With the release of the most current property value assessments in Nome, more than a dozen property owners have filed appeals on increased valuation to their homes and personal property over last year.
On March 21, the Nome City Clerk’s office mailed out the new assessment values of properties owned in the city. Assessments are conducted during the fall before each tax year.
If a property owner disagrees with the amount the assessor has set for their property, they can file a written appeal with the Nome City Clerk’s office. The appeal period ends Friday, April 28, according to the city.
Nome City Manager Glenn Steckman told the Nome Common Council this past week that the increase has resulted in concern on social media about higher property tax bills.
“Yes, the assessment went up substantially, which depending on your view, if I’m a property owner I’m probably happy to see my property go up in value, though I don’t want to be paying a tax bill that’s related to that,” Steckman said.
Steckman also pointed out that the increase in assessment value was not calculated by the city, but rather by an Anchorage-based firm, Appraisal Company of Alaska (ACA), which assessed the value of properties in Nome.
Property taxes are calculated by multiplying the mill rate by the assessed value of the property. The current property tax rate is 12 mills, which means property owners pay $12 for every $1,000 of assessed value.
An overview of property taxes in Nome can be found here.
Setting the mill rate is done annually by the Nome Common Council. The budget calendar sets March 27 through March 31 as the dates when department heads meet with Steckman and Nome’s finance director on goals, accomplishments and the preliminary FY-2024 budget. A first reading of the budget and setting the 2023 mill rate is expected on May 22.
Appeals that cannot be resolved between the assessor and property owner are heard by the Board of Equalization, which will meet May 3 at 5:30 p.m. Steckman added that if people disagree with their assessment, they should reach out to ACA to see if it can be addressed before the board meets.
Appraisal Company of Alaska did not respond to a request for comment by the deadline for this story.
Steckman related to the council a common theme he is hearing from property owners.
“I didn’t do any improvements to my property … well, your property has also been impacted by inflation, and inflation obviously has hit Nome hard,” Steckman said. “Then we’re seeing the cost of constructing a house; the values have gone up.”
A public records request with the city revealed more than a dozen property owners had filed appeals to their 2023 assessments between March 21 and April 12. One of the appellants, Patrick Dewane, wrote that his house on East King Place is still under construction, is weathered in, and is not being lived in by anyone.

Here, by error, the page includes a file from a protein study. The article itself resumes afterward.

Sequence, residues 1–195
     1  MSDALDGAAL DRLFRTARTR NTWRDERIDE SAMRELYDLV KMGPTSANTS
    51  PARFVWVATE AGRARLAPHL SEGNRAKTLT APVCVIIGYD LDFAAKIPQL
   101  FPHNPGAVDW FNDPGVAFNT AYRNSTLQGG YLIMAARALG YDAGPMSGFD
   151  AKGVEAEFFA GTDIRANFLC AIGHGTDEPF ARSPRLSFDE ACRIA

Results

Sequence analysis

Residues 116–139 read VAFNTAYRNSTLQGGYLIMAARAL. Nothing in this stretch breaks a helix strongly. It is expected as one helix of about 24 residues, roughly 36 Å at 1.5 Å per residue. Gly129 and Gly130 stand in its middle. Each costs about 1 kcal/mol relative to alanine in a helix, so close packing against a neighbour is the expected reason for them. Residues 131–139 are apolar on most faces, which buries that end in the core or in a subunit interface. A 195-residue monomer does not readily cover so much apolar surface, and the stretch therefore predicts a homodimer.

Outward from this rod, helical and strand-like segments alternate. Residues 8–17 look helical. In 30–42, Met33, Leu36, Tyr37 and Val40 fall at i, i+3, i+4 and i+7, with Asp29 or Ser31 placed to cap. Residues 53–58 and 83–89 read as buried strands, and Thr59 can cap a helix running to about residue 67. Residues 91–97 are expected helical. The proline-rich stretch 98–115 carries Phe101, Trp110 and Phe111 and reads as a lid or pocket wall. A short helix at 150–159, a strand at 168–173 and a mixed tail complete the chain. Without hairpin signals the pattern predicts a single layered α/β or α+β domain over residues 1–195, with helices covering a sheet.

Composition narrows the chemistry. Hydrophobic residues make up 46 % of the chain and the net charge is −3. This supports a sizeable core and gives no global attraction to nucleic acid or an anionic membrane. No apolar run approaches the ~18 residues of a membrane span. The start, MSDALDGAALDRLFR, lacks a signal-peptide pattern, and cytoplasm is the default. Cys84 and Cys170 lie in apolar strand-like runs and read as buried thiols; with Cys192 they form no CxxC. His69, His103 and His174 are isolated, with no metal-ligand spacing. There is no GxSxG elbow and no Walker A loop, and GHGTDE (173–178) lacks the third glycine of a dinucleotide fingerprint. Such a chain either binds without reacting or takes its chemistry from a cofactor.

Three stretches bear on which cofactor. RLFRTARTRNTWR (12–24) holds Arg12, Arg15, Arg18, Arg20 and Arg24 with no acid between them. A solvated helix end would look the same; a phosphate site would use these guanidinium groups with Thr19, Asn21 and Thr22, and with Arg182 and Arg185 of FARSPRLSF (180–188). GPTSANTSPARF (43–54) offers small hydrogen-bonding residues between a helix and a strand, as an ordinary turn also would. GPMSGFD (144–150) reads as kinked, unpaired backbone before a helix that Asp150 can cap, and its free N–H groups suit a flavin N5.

Dewane’s assessment shows a land valuation of $16,000, and he estimates the unfinished home to be worth $40,000 at this point. The 2023 assessment values the home at $214,800. He feels that his house may be worth that amount in the future, but not right now.
“The permit was issued on a theoretical valuation of $214,000,” Dewane said. “It’s still under construction. It’s just a shell. It’s weathered in from the outside. And this year’s assessment was $230,800. So, it’s in the ballpark of what the assumed value is when it’s completed. But it is half insulated, missing doors and I’m still working on it. No one’s living in it.”
During the most recent Nome Common Council meeting, member Scot Henderson explained he will be taking an active role in reviewing efficiency in government as it relates to the forthcoming city budget.
“I think the general consensus of property owners in Nome is that this is a very significant increase, and that we need to be, as a council, looking at where our budget is,” Henderson said. “This is my second year going through the budget process. I will be asking a lot of questions … a lot of details … can we do this better? Can we do it more efficiently? Can we do it more cost effectively?”
Henderson has been encouraged by Steckman’s desire to see a lower mill rate in Nome.
“I think there is a general expectation that since property assessments have increased so quickly that the mill rate needs to be reduced,” Henderson said. “(I’m) glad to hear, Glenn, that you’re looking at putting a budget together that is asking for a lower mill rate than we currently have.”
Property in the city is increasing in value because of inflation and higher purchase prices than before, Steckman said. Rates have been lowered over the past three years, with the mill rate seeing a downturn over two years and the seasonal property tax rate being repealed, Steckman said.
Image at top: An unfinished home located on East King Place in Nome. Photo by Greg Knight/KNOM (2023)